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A Football Coach’s Struggle With C.T.E. — and a Guilty Conscience

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ALS, Lou Gehrig's DiseaseAlzheimer'sHead InjuriesParkinson's

Summary:

Don Horton coached hundreds of college linemen after his playing days were over. At the end of his life, he asked: What was his responsibility to them?

In the last years of his life, the longtime football coach for dominating college teams wrestled with impaired speech, forgetfulness, lapses in concentration. And with his conscience.

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RALEIGH, N.C. — In the last years of his life, the longtime football coach for dominating college teams wrestled with impaired speech, forgetfulness, lapses in concentration. And with his conscience.

His body was betraying him, and now, possibly, so was the sport he loved.

A few years earlier, the coach, Don Horton, had learned that he had Parkinson’s disease, but these new, intensifying infirmities were more commonly linked to chronic traumatic encephalopathy, or C.T.E., a degenerative brain disease caused by repeated hits to the head and linked to football and other contact sports.

Was his deteriorating health, Horton wondered, a consequence of his many years as a football lineman? Even worse, he worried, was he responsible for exposing hundreds of players to the kind of head trauma now impairing his life? After all, as a prominent assistant coach at Boston College and North Carolina State for nearly 20 years, he had recruited and encouraged scores of athletes to play major college football.

In the still of night at home, Horton asked himself what he should say if a parent of a former recruit called to say that a son was suffering from C.T.E.-like symptoms.

“And I would tell him that he could say: ‘I know how it feels,’” his wife, Maura Horton, responded. “And Don didn’t necessarily like that answer. But that’s the truth.”

There was only one way to be sure if he had C.T.E. His brain would have to be examined post-mortem, the only way to confirm the disease since there is no reliable test for the living. At first Horton balked, but as his cognitive difficulties intensified, he relented and even insisted that the findings of his brain examination be made public.

Horton died almost one year ago, on May 28. He was 58. Multiple news reports celebrated his accomplishments, and hundreds of former players and colleagues attended his funeral. Quietly, researchers at Boston University’s C.T.E. Center received his brain; the results would not be revealed for nearly 10 months.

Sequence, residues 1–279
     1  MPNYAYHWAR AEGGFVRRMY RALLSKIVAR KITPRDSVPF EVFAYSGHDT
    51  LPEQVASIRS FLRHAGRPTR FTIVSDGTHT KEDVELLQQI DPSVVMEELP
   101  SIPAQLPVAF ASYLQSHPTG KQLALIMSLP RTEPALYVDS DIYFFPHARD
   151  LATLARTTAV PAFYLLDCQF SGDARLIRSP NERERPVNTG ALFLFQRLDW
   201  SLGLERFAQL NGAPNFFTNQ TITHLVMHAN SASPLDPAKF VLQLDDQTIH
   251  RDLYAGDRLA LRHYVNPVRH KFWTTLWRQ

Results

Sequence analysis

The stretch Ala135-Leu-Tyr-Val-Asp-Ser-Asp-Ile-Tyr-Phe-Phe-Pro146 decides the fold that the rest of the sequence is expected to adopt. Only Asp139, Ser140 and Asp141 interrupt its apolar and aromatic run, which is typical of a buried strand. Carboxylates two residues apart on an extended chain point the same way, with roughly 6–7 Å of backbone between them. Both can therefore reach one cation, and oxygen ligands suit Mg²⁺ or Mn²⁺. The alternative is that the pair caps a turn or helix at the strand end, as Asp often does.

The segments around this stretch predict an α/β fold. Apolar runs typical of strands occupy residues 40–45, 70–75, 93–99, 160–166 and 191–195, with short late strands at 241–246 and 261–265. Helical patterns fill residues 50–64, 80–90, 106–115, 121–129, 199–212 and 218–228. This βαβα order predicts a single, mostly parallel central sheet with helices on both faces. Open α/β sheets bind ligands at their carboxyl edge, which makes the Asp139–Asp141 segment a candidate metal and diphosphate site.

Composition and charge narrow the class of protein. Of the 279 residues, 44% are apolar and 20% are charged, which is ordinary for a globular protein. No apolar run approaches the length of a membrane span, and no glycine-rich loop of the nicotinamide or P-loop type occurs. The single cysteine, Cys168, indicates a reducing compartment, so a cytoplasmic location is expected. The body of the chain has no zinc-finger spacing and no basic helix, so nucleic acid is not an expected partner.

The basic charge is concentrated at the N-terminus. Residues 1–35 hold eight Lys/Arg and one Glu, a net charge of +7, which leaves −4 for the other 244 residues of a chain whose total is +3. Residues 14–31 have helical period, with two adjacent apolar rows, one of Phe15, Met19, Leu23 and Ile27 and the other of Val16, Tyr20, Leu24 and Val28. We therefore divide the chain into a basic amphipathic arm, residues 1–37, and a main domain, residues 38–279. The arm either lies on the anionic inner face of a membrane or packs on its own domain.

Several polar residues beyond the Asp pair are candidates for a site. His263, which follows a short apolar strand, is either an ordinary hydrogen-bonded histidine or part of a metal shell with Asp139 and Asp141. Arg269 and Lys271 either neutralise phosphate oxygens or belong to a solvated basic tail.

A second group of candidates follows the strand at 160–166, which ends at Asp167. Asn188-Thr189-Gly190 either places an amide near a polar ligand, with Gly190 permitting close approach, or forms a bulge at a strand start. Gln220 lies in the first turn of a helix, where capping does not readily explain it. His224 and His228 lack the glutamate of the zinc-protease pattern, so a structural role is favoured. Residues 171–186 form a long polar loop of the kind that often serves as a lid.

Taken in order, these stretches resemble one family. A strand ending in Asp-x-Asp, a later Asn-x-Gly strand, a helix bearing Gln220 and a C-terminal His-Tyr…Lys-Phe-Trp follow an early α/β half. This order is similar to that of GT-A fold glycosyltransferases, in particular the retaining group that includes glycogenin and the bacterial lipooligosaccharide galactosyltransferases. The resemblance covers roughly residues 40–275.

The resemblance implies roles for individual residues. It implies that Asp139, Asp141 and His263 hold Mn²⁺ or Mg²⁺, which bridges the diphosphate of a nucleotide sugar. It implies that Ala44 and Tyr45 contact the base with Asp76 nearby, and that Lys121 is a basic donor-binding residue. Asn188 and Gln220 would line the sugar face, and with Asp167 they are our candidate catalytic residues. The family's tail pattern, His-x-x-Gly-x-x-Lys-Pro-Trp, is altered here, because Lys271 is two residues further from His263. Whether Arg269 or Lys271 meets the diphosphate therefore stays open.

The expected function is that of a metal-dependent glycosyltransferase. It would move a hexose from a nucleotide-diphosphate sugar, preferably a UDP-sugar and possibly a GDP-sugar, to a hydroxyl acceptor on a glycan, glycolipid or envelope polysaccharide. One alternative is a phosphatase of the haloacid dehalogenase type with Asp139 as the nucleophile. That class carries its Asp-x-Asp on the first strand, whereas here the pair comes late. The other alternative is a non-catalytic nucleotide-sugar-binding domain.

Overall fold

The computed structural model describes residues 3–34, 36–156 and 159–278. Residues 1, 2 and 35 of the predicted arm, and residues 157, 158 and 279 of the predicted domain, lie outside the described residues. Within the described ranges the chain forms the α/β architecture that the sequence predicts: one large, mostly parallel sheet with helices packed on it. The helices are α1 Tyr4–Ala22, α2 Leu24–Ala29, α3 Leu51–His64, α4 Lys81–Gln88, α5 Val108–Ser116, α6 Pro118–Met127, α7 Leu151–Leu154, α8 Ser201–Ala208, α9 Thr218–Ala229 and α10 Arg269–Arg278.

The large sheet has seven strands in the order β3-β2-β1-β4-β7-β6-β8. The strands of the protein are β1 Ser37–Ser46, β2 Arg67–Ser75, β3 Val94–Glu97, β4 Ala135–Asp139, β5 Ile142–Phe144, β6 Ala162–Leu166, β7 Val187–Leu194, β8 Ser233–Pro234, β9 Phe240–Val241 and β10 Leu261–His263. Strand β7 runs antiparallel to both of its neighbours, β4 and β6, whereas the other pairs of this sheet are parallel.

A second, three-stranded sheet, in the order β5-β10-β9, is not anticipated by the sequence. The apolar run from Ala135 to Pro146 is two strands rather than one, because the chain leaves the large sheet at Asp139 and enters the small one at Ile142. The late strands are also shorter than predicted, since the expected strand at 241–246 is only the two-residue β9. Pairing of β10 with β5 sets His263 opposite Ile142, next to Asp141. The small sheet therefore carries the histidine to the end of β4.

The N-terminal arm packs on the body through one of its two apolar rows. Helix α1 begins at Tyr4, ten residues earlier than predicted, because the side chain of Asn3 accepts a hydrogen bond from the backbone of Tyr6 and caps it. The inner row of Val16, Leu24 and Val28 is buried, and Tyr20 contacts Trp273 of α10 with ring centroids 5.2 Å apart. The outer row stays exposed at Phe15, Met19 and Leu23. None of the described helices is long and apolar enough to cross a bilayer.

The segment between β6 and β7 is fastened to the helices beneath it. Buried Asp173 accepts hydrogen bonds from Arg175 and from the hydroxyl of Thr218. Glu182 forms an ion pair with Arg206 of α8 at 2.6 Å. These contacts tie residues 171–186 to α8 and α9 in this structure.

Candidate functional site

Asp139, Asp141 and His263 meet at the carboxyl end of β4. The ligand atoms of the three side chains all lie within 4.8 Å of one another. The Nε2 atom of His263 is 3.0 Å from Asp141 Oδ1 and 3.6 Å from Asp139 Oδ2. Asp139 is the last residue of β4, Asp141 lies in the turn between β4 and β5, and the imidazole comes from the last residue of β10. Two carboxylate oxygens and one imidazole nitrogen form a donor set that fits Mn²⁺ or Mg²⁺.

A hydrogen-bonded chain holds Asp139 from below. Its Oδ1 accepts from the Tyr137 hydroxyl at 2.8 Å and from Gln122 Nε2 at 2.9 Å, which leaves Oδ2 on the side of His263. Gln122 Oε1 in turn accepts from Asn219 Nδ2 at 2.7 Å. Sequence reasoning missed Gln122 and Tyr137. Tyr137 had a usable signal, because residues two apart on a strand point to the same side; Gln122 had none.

A Life in the Game

In 1997, Horton got the career breakthrough he had been hoping for when he was hired at Boston College, where he earned a reputation as one of college football’s best offensive line coaches.

He had played for Wittenberg University, a Division III power in Ohio, but was drawn to coaching and had spent 15 years traversing the country, landing jobs at Ohio State, New Mexico State, Virginia, Ohio University, Wittenberg, Capital University in central Ohio and Southern Illinois. He had married Maura Sweeney in 1993, and she gave up a sales job for the rolling stone existence of a football coach’s wife.

At Boston College, Horton thrived. Behind dominating offensive line play — Horton coached nearly 20 players who made it to the N.F.L. — the team won seven successive postseason bowl games. He worked for Coach Tom O’Brien, whom Horton had known since his youth.

Horton was known as a gifted recruiter — handwritten notes were a specialty — and for the unusually strong bond he developed with his players, especially off the field.

“He coached me for one year, and yet I had a friend and mentor for life,” said Scott Dragos, a Boston College tight end who went on to play for the Chicago Bears. “Players just gravitated to him regardless of position. He treated the walk-on and the star exactly the same and talked to everyone about life, not just football.”

Josh Beekman, a guard who also played in the N.F.L., said that at Thanksgiving and Easter, when many players could not afford trips home, several would go to the Hortons’ home for meals.

Sometimes a player’s visit to the Hortons lasted even longer. When one Boston College player was suspended from the team and expelled from his dormitory, he lived with the Hortons for three months.

“Don called me and said: ‘When I recruited this kid I told his mother that I’d take care of him,’” Maura said.

The player was eventually reinstated to the team and graduated from Boston College.